Tuesday, December 30, 2008

B-29 Crash Site on Mount Tapochao, Saipan.

On December 26, Boxing Day, fine weather, and the need for exercise determined another hike to the popular B-29 crash site was in order. A 30 minute hike with a few detours took us on site.
The B-29 crashed on the west side of Mount Tapochao during the night of August 27, 1945, just 12 days after hostilities ceased in the Pacific. The B-29 was returning from a POW supply support mission after picking up cargo parachutes at Florida Blanca Air Field in the Phillipines. The crash occurred during a second approach to Isley Field on Saipan. The first landing attempt was aborted due to night instrument problems, bad visibility, and stormy conditions. Sadly, there were no survivors among the 10 crew members. Observations show visitors to the site have given respect and left the site intact. Crew member list and additional information can be researched on websites http://www.20thaf.org/ and www.315bw.org/memoriam.htm

The B-29 was a model B-29B-45-BA built at the Bell-Atlanta aircraft plant. It was registered as # 44-83899 and assigned to the 20th Air Force, 402nd Bomb Squadron, 502nd Bomb Group, 315th Bomb Wing.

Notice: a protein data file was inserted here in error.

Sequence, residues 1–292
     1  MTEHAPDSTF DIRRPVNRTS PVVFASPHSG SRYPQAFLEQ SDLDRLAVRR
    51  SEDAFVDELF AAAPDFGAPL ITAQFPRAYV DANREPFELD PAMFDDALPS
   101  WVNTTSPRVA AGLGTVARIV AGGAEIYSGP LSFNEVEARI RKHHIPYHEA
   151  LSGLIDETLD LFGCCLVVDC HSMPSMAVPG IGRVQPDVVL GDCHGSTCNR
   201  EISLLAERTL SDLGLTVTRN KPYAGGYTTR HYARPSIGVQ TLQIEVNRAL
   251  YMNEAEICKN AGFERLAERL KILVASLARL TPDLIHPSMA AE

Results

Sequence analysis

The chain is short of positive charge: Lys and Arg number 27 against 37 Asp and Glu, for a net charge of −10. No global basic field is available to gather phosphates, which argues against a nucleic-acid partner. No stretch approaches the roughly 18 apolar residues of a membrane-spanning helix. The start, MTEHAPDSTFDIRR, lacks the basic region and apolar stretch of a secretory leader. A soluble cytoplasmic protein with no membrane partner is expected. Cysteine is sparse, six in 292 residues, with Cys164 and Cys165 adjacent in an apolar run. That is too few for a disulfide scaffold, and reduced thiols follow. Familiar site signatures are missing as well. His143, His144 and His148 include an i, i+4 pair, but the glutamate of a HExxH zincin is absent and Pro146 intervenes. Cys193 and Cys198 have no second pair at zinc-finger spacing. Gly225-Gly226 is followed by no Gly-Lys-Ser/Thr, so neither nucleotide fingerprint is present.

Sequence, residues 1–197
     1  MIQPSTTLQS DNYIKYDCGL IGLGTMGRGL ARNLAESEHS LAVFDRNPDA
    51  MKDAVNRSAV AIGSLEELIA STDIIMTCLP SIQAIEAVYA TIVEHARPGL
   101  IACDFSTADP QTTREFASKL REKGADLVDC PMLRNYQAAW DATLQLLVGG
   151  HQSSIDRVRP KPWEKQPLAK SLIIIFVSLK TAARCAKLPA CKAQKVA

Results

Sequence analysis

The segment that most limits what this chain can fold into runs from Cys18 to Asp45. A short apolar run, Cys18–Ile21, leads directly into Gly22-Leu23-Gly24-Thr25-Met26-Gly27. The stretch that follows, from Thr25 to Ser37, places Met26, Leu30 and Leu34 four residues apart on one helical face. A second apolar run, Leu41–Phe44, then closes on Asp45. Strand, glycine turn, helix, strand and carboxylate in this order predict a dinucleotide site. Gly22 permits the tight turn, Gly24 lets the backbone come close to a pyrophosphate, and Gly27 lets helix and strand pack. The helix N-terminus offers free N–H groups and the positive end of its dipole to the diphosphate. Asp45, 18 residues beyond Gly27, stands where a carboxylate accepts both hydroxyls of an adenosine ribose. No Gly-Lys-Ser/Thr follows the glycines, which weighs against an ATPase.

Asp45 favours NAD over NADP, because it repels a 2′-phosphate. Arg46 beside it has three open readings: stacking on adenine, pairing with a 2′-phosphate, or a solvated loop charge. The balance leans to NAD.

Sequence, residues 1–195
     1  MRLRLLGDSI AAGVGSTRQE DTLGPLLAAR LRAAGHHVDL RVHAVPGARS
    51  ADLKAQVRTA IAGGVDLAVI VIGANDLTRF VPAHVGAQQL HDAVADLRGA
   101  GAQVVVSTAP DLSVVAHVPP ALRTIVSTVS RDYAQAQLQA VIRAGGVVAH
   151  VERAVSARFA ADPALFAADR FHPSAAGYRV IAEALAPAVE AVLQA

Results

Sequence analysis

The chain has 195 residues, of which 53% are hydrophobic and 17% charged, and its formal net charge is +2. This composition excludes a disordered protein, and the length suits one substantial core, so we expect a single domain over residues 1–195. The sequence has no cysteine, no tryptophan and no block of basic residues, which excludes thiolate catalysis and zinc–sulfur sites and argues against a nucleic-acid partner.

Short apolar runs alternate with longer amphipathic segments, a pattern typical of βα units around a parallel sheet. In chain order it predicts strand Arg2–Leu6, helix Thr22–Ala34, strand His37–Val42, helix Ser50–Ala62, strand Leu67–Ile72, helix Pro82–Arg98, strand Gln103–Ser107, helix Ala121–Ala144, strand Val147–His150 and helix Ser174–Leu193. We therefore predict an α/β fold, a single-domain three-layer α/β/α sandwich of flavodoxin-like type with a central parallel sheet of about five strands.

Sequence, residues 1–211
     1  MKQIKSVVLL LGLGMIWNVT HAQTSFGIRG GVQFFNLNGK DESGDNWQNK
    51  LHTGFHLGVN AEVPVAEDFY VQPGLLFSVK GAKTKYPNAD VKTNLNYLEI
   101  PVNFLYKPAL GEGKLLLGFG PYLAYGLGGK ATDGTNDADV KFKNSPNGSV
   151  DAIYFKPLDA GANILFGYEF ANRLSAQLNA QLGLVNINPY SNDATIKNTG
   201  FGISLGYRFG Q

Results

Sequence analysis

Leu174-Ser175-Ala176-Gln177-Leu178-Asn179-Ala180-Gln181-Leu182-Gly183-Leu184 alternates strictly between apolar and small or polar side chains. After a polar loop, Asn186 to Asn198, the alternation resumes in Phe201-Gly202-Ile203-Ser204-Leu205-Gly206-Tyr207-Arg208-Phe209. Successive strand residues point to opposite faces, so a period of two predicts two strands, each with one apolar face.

The debris field is extensive with parts strewn over a large area indicating a high speed impact. This could be part of the air injection supercharger from one the engines. It is truly amazing how a number of parts show little corrosion after 63 years in a tropical environment.

We located only two of the engines on this hike. According to the plane specifications the four engines are noted as Wright Cyclone R-3350-23 with 2,200 horsepower per engine. The props are sixteen feet eight inches in diameter. Note the yellow paint still visible on the prop tips.

The motley hiking crew on site.

Other visitors to the site mentioned a third engine and a tail machine gun turret in the area.

Not sure what this item is. Originally thought it could be landing gear tires. Archive photos show the B-29 had three sets of landing gear with only 2 wheels each.

The 18 cylinder heads on this engine have turned into a solid block of corroded aluminum .

Close up of 1945 era version of "aircraft lock tight fittings" on the engines!


Anonymous said...

What you call the landing gear tires are actually the brakes. The picture is of one of the main gear. Each one had two tires with brakes on the inboard and outboard side.

waterworks said...

Thanks for the interesting info. Have you hiked into the site?